All it takes is 3 chords and a dream!

Sunday, March 13, 2011

Robert Henry – 12 Nocturnes And A Waltz

Robert Henry – 12 Nocturnes And A Waltz
2010, Muuz Records
Robert Henry makes the phrase “Award Winning pianist” almost passé.  A gold medal in no less than four international competitions, Henry is considered the complete package as a performer (technique, showmanship, style).  Robert Henry earned a Doctorate in Piano Performance from the University of Maryland, and in 2009 was honored with a Distinguished Alumni Award.  He made his Carnegie Hall debut in 2002, and is currently a Steinway International artist.  Henry also makes a point of engaging in social causes as well.  Henry coordinated the “$100,000 Hurricane Katrina Relief Tour”, raising $108,000 from concerts presented around the US, for which he received a Distinguished Service Award in 2006.  In 2010, Robert Henry released his debut album, 12 Nocturnes And A Waltz, featuring the works of Chopin, Grieg, Liszt, Stanchinsky, and Chet Atkins, among others. 
Henry opens with Chopin’s “Nocturne in D-Flat Major, Opus 27, No.2” in a gorgeous display of dynamics and emotion, underwritten by perfect technique.  Henry brings out elements of tension and sadness, and also a sense of expectation.  Respighi’s “Notturno” has a melancholy, dream-like aura.  Henry’s lyric style is poignant and full of beauty.  “Notturno” is among the prettiest performances on the album; sublime in the subtlety of Henry’s hands.  “Libersträume, Notturno No. 3” is powerful and full of life.  Henry brings Liszt’s opus to life, contrasting grand, theatrical moments with pianissimo passages that are gorgeous.  Henry plays this like he wrote it, as if the passages were born from his own heart and mind.
Grieg’s “Nocturne, Opus. 54, No. 4” is lovely, dark and a touch sad.  Henry brings out the lyric qualities of the piece in blue passages that are palpably emotive.  Henry breaks out in grand style in Chopin’s “Nocturne in B Major, Opus 62, No. 1”, displaying gorgeous piano runs.  Moving on to the powerful and vibrant second movement, Henry shakes out the cobwebs with powerful dynamics and a theatrical flair that perfectly matches Chopin’s original vision.  “Nocturne (Homage To John Field), Opus 33” is a well-crafted piano interpretation that is prone to fits of aural chaos.  The main theme is pretty, but Henry takes listeners along the path of Barber’s variable musings with a combined sense of reverence and glee.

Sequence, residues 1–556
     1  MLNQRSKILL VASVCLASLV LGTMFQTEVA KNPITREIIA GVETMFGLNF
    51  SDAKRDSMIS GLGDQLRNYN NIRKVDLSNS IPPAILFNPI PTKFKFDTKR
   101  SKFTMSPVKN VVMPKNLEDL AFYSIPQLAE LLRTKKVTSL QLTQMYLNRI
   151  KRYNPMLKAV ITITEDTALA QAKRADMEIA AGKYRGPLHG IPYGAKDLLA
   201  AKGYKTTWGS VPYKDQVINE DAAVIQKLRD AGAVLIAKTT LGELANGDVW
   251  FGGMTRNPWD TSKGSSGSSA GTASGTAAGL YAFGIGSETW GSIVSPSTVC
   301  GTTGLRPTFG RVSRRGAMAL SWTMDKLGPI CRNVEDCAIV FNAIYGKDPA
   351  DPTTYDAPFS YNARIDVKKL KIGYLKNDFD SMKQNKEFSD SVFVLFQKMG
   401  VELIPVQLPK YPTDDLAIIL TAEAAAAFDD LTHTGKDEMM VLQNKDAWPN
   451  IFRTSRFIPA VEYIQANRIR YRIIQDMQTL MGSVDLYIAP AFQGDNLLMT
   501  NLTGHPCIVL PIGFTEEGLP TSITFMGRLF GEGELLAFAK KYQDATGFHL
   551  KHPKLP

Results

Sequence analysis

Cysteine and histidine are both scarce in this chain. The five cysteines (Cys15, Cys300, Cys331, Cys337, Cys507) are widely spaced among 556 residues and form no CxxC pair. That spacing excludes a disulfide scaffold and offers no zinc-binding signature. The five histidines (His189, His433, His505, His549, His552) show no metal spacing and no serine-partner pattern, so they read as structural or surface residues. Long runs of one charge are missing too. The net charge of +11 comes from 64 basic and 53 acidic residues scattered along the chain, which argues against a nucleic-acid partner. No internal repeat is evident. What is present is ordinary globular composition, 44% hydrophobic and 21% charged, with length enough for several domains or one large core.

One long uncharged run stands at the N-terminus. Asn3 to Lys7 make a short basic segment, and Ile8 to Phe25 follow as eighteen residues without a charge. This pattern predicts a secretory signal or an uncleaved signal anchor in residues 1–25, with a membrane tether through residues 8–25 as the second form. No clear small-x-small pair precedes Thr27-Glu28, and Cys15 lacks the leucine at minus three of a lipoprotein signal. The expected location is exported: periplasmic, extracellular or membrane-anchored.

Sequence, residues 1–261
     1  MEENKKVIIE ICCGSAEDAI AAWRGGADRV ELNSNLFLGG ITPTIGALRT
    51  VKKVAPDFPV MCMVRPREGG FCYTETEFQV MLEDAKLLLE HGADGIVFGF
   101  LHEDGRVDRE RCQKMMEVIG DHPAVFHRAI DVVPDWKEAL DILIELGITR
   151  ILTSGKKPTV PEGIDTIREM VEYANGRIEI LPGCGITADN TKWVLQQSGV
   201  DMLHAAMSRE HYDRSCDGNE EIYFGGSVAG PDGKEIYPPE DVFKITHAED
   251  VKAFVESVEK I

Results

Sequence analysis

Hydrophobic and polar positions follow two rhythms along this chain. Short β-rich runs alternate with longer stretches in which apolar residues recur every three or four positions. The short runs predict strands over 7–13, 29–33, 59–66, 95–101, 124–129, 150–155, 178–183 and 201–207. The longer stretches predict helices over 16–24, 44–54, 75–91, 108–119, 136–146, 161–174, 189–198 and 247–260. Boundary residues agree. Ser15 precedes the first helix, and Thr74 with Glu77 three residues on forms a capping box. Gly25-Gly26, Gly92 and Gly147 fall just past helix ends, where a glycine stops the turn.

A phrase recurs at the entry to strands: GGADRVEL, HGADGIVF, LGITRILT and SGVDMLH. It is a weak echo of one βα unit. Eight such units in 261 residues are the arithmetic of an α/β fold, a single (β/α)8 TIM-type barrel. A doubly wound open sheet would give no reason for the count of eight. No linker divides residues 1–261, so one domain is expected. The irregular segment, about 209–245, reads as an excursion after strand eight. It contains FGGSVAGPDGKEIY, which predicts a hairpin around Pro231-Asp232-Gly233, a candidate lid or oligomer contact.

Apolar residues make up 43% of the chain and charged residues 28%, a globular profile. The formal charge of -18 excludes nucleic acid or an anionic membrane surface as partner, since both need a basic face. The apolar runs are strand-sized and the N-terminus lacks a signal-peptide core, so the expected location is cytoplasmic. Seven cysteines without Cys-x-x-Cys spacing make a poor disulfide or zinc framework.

Henry increases the voltage in Fauré’s “Nocturne In E-Flat Major, Opus 36”, a pretty and nuanced piece infused with a swelling sense of drama and cascading, dream-like movements.  Henry’s work is gorgeous and powerful, distinctive in its lyrical sense yet refined.  Henry sticks with Fauré for “Nocturne In B-Flat Major, Opus 37”, an equally pretty composition, yet more tame both in intent and energy.  Henry next tackles John Field’s “Nocturne No. 4 In A Major, H. 37”, displaying brilliance for interpretation and a rare sense of musicality.  Fields’ composition is a fluttery piece streaked with dark undertones.  Henry manages to bring out the worry lines in the music, subtly painting emotions between the lines.  Alexei Stanchinsky’s “Nocturne” is dark, rueful and sweet.  Henry takes the sad and longing reminiscence and makes it his own in a virtuoso performance full of palpable place and emotion.  Henry closes with his own arrangement of Chet Atkins’ “Waltz For The Lonely”.  Henry is both reverent to the original and creative in his transposition of one of Atkins’ finest works to piano. 
Robert Henry is a treasure; the sort of talent who comes along once or twice a generation.  While the awards and recognitions speak volumes, you have to hear Robert Henry play in order to truly get how good he is.  For what it’s worth, Twelve Nocturnes And A Waltz is definitive proof; this is the sort of recording that becomes more revered over time.  Henry’s technical skill combined with his sense of lyricism and personality allow him to create magic at the piano.  If you’re new to classical music, your collection should start here.  There may not be a brighter young light in classical music than Robert Henry.
Rating: 5 Stars (Out of 5) 
Learn more about Robert Henry at Nocturnes And A Waltz is available as a CD only from

No comments: